The official colour of this thing is reported by some online sleuths to be Olive Drab BS 220 and by others (claiming to have been told by AgustaWestland) BS381c241. Airfix has a new 1/48 kit of this helicopter and the instructions recommend Humbrol 86, which some builders think is too light. Revell 68 is suggested as an alternative. Tamiya XF-81 is meant to be a pretty close match. Others say Vallejo 71.011 is right (that's also RLM 83) but of course I could find neither XF-81 or 71.011 (which is from Vallejo's airbrush range anyway - and guess what I don't have?). So in the end I took a gamble and bought Vallejo 70.823 which is RLM 82 - I figured it couldn't be too far from RLM 83. But when painted on it was much too green. So over the top of that I painted Tamiya XF-73 which is a JGDSF colour. It is a little too grey. But by then I'd spend too long on the internet looking at pictures and reading others' pronouncements about Revell vs Humbrol vs Tamiya vs Vallejo vs [insert just about any other brand you can think of]. So I committed to the XF-73 and on balance, given all the usual things we can say about scale colour, monitor calibration, and rah rah rah, I think it looks about as close as I am going to get. Held up against a Google Image search page, it doesn't look too far from the real thing. As I am neither a Merlin nor an RAF groupie, and really just built this to get some skill with resin before I tackle the Nimrod, I think XF-73 was a decent choice. Sometimes you just have to go with what you've got. Shovel all the coal in, gotta keep her rolling!
Remember to paint black sections on the engine intakes (noting that there are three engines, so the left side of the chopper has two intakes one above the other). According to my photo checking the top of the landing gear sponsons should be black, too, but I skipped that (getting bored!). I painted some tiny red lines around a smaller air inlet near the intakes, copying photos. 
The decals are, unfortunately, a bit lame. First of all, the instructions are categorically useless so you have to turn to google. Second, at least over this Tamiya acrylic, they didn't stick very well. I used copious amounts of Mr Mark Softer and in the end they looked, well, "okay", is about as generous as I can be. Perhaps they'd go down better on some other paint (for example, Anigrand decals have worked better for me on Tamiya acrylic silver spray paint and also on Gunze enamels).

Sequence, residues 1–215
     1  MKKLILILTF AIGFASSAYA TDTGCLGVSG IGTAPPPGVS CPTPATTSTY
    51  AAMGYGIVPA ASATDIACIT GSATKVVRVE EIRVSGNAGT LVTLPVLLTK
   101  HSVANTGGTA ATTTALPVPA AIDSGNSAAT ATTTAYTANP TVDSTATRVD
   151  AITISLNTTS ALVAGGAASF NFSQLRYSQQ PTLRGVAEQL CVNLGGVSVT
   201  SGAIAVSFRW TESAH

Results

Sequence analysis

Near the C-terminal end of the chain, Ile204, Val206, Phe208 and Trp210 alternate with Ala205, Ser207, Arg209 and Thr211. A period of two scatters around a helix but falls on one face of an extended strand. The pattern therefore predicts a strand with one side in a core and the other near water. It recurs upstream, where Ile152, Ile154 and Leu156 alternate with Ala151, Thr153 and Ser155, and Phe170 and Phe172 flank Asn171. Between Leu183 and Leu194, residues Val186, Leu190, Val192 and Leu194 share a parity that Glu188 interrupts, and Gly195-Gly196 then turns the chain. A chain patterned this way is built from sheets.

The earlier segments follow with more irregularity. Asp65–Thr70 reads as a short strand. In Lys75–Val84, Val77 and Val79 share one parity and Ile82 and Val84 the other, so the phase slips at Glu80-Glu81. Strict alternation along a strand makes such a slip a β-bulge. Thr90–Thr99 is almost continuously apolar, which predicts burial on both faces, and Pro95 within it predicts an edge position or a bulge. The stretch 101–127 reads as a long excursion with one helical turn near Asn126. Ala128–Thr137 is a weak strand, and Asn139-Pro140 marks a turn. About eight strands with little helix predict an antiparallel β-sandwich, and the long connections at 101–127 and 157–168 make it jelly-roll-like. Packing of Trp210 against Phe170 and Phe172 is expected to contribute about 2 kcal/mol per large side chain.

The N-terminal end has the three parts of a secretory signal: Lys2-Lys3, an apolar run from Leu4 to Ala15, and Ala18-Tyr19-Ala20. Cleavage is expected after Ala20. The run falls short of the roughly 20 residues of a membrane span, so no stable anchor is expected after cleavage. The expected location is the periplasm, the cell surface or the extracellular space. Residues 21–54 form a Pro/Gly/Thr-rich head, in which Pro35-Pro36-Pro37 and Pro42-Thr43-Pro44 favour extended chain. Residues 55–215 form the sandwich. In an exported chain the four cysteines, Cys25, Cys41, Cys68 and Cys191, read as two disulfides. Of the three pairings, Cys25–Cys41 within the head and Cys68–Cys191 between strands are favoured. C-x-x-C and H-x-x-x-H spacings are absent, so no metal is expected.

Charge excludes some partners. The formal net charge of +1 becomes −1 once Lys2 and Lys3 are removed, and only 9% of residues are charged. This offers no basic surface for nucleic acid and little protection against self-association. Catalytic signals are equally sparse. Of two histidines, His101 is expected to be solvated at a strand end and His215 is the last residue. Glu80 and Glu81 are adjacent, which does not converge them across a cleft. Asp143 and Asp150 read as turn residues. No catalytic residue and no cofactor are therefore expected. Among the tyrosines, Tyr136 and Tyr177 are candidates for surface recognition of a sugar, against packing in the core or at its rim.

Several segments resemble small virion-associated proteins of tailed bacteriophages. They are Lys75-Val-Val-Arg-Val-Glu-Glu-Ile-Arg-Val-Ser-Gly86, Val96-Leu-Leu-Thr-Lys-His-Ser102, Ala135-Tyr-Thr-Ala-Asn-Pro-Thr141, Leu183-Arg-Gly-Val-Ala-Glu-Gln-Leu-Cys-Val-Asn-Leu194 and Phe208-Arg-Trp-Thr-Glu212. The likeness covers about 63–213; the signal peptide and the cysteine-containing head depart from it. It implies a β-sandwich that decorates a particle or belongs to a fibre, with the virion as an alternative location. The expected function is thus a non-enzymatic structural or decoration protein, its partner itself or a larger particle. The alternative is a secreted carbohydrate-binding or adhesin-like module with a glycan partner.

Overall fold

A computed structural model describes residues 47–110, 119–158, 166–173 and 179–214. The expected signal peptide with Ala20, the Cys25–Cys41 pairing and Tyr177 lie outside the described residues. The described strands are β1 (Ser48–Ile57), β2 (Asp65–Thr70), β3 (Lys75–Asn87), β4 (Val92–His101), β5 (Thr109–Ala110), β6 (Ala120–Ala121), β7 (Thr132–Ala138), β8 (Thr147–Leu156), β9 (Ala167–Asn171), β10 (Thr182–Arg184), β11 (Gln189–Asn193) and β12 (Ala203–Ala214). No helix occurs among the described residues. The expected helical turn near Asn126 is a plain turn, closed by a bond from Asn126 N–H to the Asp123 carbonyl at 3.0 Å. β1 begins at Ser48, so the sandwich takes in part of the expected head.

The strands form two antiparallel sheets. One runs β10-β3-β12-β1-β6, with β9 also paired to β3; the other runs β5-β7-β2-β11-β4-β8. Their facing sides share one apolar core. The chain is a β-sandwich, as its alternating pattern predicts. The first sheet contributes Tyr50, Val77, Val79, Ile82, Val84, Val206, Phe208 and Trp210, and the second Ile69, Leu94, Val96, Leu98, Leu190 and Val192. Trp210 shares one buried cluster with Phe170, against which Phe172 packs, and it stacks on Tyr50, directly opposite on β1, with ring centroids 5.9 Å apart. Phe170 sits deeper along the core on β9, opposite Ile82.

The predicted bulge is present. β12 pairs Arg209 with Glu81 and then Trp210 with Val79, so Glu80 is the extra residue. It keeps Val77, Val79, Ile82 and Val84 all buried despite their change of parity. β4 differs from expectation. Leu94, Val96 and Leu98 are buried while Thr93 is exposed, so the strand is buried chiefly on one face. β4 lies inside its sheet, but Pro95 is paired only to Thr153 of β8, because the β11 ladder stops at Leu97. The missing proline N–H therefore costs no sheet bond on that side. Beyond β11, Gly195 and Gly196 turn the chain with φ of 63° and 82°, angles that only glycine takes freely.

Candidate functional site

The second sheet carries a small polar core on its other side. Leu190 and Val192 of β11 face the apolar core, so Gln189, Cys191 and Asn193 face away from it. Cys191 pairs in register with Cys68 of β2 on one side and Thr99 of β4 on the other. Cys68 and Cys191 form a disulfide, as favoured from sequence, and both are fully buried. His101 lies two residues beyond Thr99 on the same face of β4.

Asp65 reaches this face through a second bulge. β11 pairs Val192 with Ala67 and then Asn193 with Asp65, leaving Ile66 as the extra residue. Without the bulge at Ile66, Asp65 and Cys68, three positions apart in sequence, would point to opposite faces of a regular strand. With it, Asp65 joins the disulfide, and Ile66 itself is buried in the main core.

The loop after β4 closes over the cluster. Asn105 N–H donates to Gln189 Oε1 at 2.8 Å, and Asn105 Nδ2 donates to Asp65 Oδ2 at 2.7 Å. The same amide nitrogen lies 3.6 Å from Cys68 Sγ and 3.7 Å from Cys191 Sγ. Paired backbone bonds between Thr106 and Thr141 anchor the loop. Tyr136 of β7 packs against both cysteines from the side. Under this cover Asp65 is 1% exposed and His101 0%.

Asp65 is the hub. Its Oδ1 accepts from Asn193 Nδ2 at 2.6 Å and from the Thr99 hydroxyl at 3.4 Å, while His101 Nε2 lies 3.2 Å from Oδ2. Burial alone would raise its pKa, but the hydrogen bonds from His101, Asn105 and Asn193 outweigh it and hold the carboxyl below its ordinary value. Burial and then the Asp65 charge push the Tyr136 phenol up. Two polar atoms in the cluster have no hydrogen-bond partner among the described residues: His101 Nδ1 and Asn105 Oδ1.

You get the F letters and the ZJ122 serials - note they come in different sizes. Because I cleverly paid an extra buck for a spare decal sheet I had enough to work with - the large F is too big for the side fuselage location, so I used the smaller one. If I hadn't had another sheet then I'd have run out of the smaller Fs, meaning I couldn't have put one on the nose above the canopy (which I'd never have noticed the need for had I relied on the useless instructions anyway).
To make the Royal Air Force and roundel combo on the rear fuselage, I pinched a small roundel from the sheet and cut the ROYAL AIR FORCE decal so I could break the line. The decal sheet does not include a prominent red marking on the tail, so I delivered that from the Ministry of Surplus Decals.
It's a neat kit of the Merlin in a really manageable scale. Yes, it can only really be had in a quite expensive kit, though you do get several others for your money (I'm a bit surprised Revell hasn't done it in 1/144, unless I'm unaware of it). As a start in resin I think this is a good entry point. I certainly enjoyed building it and it wasn't really too much harder than doing it from an injection kit. The biggest downside for me was the useless instructions and the fussy decals, but again, by the time you're trying a resin HC.3 in 1/144 you can probably be flexible. If you come across one, I can recommend it. The only really tricky bit is finding the right shade of green.

Richard F

May 2015

If you would like your product reviewed fairly and fairly quickly, please contact the editor or see other details in the Note to Contributors.

Back to the Main Page

Back to the Review Index Page